ASEAN and Japan are celebrating the 40th anniversary of their partnership this year. It began in 1973 when the Asean-Japan forum on synthetic rubber was established, and the relationship has continued to develop to this day.
It was therefore appropriate that Japanese diplomatic activities this year kicked off with high-ranking visits to Asean.
Within just 17 days between Jan 2 and Jan 18, Japan's top leaders visited seven of the 10 Asean countries (plus Australia). Mr Taro Aso, former prime minister-turned Deputy Prime Minister/Finance Minister, visited Myanmar and met President Thein Sein on Jan 3. Meanwhile, on Jan 9, Foreign Minister Fumio Kishida embarked on a six-day trip to the Philippines, Singapore, Brunei and Australia. Finally, Prime Minister Shinzo Abe visited Vietnam, Thailand and Indonesia between Jan 16 and 18.
During his stay in Jakarta, Mr Abe revealed five goals that Japan would strive to achieve in partnership with the Asean friends: to protect and promote universal values such as freedom, democracy and basic human rights; to ensure the seas are governed by laws and rules; to deepen economic integration by promoting trade, investment and flows of people and services; to strengthen cultural ties; and to expand youth exchanges.
This so-called Abe Doctrine marks a new turning point for Asean-Japan ties, which had long been defined by the Fukuda Doctrine laid out in 1977.
The Fukuda Doctrine had set forth three principles: Japan would promote world peace and prosperity, and would never become a militarist power again; it would build a relationship of mutual confidence and trust with South-east Asian countries; and as their "equal partner", it would contribute to peace and prosperity in South-east Asia. The basic assumption was that Japan was much stronger than Asean countries, but it was willing to lie low and atone for its war guilt by helping its Asean friends.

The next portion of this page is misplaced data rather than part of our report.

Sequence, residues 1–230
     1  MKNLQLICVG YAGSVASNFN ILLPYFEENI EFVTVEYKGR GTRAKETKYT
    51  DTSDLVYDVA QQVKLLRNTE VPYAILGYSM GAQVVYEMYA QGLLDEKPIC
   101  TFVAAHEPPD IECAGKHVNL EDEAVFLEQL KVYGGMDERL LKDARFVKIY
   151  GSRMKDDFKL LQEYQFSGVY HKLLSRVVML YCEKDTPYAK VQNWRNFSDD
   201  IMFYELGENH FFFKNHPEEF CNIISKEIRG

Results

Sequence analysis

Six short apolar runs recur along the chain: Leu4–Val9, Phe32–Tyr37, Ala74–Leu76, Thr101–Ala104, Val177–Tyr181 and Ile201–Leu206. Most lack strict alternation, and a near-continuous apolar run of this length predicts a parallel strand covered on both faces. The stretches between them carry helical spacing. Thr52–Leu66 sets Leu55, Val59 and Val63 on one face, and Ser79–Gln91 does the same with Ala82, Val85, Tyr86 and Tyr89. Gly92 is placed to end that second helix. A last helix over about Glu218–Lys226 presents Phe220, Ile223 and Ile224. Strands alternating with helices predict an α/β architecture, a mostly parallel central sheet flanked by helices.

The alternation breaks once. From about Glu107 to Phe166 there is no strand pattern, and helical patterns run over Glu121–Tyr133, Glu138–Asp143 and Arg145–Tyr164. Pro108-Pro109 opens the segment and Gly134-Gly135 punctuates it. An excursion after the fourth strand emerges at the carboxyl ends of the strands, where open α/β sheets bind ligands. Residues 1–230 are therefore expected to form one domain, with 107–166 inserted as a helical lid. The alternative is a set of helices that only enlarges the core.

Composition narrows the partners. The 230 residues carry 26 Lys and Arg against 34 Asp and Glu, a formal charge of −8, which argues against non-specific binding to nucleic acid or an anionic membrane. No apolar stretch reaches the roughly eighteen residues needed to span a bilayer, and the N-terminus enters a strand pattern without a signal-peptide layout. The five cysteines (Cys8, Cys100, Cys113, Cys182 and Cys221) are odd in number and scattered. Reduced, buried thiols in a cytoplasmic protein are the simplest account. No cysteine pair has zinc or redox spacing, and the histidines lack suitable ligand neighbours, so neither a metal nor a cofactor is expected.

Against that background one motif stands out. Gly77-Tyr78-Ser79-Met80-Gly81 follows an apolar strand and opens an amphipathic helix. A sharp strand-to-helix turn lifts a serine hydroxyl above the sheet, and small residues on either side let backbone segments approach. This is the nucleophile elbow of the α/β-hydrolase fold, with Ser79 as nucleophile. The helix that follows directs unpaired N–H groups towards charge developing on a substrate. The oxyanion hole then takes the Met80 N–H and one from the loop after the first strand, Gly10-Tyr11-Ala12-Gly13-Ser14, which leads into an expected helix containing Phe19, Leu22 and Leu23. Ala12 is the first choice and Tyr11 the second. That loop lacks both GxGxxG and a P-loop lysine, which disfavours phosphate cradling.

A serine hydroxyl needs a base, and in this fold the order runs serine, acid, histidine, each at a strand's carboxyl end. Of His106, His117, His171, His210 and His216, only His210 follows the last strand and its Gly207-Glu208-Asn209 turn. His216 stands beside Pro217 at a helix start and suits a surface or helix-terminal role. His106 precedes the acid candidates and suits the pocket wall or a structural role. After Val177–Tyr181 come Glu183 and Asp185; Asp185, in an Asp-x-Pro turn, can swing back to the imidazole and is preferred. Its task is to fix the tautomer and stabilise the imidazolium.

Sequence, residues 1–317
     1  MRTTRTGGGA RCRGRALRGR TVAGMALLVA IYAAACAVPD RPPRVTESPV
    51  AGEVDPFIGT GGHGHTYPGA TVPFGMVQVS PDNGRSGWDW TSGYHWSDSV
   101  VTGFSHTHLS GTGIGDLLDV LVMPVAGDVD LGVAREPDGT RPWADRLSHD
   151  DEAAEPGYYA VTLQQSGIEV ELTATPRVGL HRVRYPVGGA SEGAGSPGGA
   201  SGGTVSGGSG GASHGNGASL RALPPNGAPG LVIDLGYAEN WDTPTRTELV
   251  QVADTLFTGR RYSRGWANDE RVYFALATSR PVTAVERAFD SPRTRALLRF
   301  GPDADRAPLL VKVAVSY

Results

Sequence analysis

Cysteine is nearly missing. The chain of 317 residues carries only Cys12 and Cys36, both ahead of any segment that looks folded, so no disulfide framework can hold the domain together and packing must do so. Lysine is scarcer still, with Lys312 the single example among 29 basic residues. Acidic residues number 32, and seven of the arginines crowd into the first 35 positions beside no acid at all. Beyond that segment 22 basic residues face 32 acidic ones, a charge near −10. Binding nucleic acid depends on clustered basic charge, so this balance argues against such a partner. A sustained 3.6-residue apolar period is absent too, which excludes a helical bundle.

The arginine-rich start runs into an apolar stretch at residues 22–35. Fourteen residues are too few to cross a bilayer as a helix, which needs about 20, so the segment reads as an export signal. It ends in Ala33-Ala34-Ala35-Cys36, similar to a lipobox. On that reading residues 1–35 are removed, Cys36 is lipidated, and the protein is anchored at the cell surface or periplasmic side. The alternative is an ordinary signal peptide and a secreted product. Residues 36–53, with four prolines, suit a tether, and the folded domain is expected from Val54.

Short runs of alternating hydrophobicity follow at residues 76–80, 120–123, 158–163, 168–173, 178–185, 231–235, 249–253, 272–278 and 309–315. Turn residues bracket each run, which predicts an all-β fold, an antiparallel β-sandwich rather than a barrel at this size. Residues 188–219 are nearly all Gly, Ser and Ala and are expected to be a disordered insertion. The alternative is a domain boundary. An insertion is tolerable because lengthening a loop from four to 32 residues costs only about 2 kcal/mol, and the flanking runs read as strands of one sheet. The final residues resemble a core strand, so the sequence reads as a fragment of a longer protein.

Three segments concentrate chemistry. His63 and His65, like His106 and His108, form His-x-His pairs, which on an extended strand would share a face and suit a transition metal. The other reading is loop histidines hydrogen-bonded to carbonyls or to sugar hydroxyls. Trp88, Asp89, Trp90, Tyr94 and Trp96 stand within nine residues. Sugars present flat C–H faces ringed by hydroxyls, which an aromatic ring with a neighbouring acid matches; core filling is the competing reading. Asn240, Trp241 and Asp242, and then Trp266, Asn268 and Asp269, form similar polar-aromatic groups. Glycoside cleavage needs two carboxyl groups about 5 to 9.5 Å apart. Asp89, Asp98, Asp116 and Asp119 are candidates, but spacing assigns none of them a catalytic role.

Now, 36 years later, the Abe Doctrine's assumptions are significantly different. Asean has become an area of robust economic growth with its gross domestic product (GDP) tripling in the past decade to US$2.1 trillion (S$2.6 trillion) in 2011.
The size of trade between Asean and Japan was 19.8 trillion yen (S$263 billion), which constituted 14.8 per cent of Japan's total trade volume, making Asean the second largest trading partner for Japan, next only to China.
Investment from Japan to Asean doubled from the previous year to 1.5 trillion yen, exceeding the 1.1 trillion yen that Japan invested in China. Bilateral investment to Indonesia, Singapore, Thailand and Vietnam also reached a record high.
Japan's economic interest in Asean has grown due also to the emergence of regional economic integration initiatives as well as rising labour costs and political risks in China. The Asean Free Trade Area (Afta) and the Asean+1 free trade agreements made it advantageous for Japanese business to operate in Asean since it can then sell its products to the signatories at lower prices.
In addition, labour costs in major Asean cities are lower than in major Chinese cities. On top of this, the business environment in China has deteriorated for Japanese business.
When tensions over the Senkaku islands - which China refers to as Diaoyu - flared up, China temporarily banned the export of rare earths to Japan, and Japanese department stores and factories operating in China were vandalised. As a result, a good number of Japanese enterprises are now moving away from China to Asean countries.
Moreover, as exemplified by the democratisation processes in Indonesia and in Myanmar more recently, leaders and people in Asean are becoming more exposed to and determined to promote universal values such as freedom of speech and human rights in the region. As Thai commentator Kavi Chongkittavorn has argued in this section of The Straits Times, Indonesia's successful democratisation ushered in "deeper and wider political and social transformation" in Asean.
Japan has also recently experienced meaningful changes of government - from the conservative Liberal Democratic Party to the liberal Democratic Party of Japan in 2009, and then the other way around last year.